In 2003, the St. Johns Housing Partnership (SJHP) launched their first community development project. Called Hancock Place, it is a full neighborhood of thirty-six affordable, Energy Star–certified, water-conserving homes for low-income families. It was SJHP’s first foray into new construction. “If you’re going to build new housing for working class families, it needs to be as energy efficient as possible because that electric bill is a big part of their monthly income,” said William Lazar, Executive Director of SJHP. “And if we don’t make it as efficient as possible, I think we’re doing everybody a disservice.”
Hancock Place is located near downtown St. Augustine, Florida, in the community of West Augustine, which was established in the 1920s as a thriving middle-class African-American college town near Florida Memorial College. Because of relentless persecution and pressure from the Ku Klux Klan, the college was eventually forced to leave, taking hundreds of jobs with it. The neighborhood quickly went into decline. Although a few new homes had been built on individual lots, no new neighborhoods had been developed in more than thirty years. West Augustine was officially designated a Community Redevelopment Area by St. Johns County, which asked local organizations and programs like the SJHP to do what they could to help.
Planning officially began in January 2003. According to Lazar, the biggest issue at this stage was choosing which energy improvements to include that would maximize efficiency without driving up the cost.
“Any improvements you make that add to the cost of the house, even if they’re ENERGY STAR improvements, becomes an impediment to certain people buying it. The problem with affordable housing is that every time you increase the price of the house by $100, someone is getting bumped out of the running for buying that house. So you have to be careful with the energy improvements you choose.”
In order to make these homes energy efficient while keeping them affordable, SJHP worked with an energy auditor to experiment with their plans using software provided by the Weatherization Program. With this software, they were able to try different things to see what would improve the score without raising the price of the home. If an energy efficiency upgrade was expensive, but didn’t improve their score by very much, it didn’t make sense to do it. For example, they saved money by only putting energy efficient windows on the south and west sides of the home, since these windows have the highest heat load. Putting windows on the North side would have increased the costs without lowering the ENERGY STAR score since the heat load on that side is not significant.
“I was looking at it like a kind of science experiment. We were trying to figure out what we would have to do to make this work. The critical part was having an energy rater who was willing to sit down with us and play around with the software to get the rating we wanted at an price we needed.”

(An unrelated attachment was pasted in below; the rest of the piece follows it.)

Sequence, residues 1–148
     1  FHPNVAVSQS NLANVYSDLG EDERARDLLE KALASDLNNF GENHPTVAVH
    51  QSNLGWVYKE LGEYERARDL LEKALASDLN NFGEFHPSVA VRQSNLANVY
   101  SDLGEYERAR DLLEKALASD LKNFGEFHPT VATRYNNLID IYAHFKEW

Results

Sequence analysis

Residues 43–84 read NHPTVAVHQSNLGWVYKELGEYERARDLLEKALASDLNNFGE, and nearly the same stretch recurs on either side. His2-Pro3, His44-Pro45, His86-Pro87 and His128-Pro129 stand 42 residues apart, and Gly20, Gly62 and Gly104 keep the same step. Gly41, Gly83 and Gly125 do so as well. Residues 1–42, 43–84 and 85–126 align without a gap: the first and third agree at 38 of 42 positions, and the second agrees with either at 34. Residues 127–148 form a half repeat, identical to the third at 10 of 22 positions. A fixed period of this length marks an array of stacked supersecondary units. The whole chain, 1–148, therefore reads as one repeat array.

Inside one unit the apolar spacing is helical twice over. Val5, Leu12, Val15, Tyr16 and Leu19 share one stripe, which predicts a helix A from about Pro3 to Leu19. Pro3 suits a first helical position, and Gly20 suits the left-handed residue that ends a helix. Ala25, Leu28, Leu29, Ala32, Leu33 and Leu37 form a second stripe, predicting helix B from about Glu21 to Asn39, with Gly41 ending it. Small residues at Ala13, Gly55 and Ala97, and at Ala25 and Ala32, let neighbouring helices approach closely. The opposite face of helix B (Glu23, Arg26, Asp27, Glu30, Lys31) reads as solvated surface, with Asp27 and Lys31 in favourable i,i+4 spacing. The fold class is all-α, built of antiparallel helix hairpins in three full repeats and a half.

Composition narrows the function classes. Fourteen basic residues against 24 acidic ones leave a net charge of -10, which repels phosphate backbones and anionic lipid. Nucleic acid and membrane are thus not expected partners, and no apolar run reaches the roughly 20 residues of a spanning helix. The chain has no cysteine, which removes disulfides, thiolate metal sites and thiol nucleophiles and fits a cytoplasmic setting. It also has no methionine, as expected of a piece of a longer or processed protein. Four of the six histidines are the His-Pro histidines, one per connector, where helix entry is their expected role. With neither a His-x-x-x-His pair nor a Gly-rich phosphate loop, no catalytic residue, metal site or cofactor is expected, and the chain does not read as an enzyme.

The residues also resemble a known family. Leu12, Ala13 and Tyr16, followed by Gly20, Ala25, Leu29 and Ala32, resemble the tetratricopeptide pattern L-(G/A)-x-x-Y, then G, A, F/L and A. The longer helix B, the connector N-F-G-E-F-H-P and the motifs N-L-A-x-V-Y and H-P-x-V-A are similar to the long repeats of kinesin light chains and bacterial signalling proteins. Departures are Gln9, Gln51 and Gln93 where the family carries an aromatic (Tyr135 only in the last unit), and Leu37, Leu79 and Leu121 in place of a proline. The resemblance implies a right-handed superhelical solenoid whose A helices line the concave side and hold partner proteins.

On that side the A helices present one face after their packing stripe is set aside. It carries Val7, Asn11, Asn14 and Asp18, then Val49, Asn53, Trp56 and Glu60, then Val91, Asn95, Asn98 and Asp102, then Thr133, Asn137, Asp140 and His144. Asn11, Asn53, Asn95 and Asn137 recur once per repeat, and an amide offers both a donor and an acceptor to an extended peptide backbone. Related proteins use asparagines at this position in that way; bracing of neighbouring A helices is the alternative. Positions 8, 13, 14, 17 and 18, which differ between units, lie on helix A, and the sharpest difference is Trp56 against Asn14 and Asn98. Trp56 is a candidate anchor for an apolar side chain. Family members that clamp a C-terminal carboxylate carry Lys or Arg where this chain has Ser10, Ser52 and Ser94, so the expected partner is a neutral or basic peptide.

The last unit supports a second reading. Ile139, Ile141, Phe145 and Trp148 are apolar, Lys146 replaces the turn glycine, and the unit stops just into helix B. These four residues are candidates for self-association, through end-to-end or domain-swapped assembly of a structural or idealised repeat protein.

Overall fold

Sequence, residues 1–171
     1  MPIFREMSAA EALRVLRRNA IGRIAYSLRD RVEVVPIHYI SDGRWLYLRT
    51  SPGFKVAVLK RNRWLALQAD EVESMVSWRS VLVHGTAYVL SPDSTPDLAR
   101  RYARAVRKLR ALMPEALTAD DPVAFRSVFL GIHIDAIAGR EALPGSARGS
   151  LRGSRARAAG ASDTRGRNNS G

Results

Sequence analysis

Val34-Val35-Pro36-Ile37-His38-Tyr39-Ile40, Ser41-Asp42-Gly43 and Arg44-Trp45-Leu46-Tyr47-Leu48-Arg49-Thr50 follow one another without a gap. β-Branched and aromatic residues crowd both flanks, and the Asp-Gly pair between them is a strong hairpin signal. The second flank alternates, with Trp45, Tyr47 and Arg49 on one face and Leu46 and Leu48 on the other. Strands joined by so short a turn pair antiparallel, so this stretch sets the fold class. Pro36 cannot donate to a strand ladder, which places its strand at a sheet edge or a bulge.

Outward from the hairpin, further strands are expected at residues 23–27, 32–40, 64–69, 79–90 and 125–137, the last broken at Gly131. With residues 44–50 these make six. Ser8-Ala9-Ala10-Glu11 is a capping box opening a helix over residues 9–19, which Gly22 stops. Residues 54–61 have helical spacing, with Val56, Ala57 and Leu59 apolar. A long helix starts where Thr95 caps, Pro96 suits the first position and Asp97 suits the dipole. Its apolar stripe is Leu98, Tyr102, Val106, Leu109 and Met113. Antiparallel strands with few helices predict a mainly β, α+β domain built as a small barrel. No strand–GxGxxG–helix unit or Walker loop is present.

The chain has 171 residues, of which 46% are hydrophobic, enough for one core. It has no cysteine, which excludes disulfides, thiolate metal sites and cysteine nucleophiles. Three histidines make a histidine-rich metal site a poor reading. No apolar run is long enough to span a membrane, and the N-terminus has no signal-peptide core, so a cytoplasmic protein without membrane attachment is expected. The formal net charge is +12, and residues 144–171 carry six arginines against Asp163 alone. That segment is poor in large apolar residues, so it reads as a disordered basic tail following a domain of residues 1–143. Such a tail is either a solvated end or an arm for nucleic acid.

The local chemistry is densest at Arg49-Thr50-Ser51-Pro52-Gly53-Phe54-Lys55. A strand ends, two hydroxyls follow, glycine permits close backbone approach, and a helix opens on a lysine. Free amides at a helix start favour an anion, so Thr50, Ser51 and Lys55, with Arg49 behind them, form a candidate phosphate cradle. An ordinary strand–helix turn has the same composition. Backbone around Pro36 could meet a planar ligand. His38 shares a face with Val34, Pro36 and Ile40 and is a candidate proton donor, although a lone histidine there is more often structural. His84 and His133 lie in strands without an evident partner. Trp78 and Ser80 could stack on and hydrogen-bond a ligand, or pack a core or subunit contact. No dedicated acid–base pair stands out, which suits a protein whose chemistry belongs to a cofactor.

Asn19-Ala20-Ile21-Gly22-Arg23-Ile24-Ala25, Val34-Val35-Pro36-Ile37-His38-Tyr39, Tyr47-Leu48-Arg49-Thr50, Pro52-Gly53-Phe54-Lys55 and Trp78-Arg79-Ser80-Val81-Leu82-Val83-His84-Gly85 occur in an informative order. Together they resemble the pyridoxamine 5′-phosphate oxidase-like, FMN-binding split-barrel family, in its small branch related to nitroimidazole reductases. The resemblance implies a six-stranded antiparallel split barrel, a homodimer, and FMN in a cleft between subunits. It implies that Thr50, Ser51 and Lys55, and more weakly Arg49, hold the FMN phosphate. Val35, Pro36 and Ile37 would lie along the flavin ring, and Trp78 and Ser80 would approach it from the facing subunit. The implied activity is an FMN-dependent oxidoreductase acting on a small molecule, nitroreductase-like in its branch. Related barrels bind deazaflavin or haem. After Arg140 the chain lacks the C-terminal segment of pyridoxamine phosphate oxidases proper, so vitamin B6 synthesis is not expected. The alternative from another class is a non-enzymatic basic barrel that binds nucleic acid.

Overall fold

Along with a carefully planned design, the SJHP also kept the homes affordable with the hel
p and contributions from many different sources. One big contributor was World Island Builders, a custom homebuilder with experience meeting unusual construction demands. They discounted their builder’s fee on all thirty-six homes. They also discovered that if the homes achieved a home energy rating score in the low 70s, they would get a $2,000 tax credit. This tax credit allowed World Island Builders to cover half of the cost of the upgrades.
World Island began construction in 2005, building the homes in stages and learning more and more at every level. Now completed, with thirty-six homes priced between $117,000 and $150,000, all the experimenting, planning, and contributions have paid off, and the Hancock Place project is a stunning success. Each home is not only ENERGY STAR–certified, but also meets the St. Johns River Water Management District’s Water Star conservation guidelines. SJHP has sold all of the homes, and the sewer and water lines for another twenty lots of energy-efficient, low-income homes have been installed in a nearby area.
“That’s our brand. There’s no one else in the county building ENERGY STAR homes right now,” says Lazar. “That’s what led us in the beginning to say, ‘Let’s raise the bar. Let’s set a higher standard in workforce housing that no one else is doing. I think a lot of this is the future of our building industry. If you don’t understand air infiltration measures, the use of a blower door, the value of having someone do an energy certification on your home, you’re just going to get left in the dust.”
Posted on: September 8th, 2011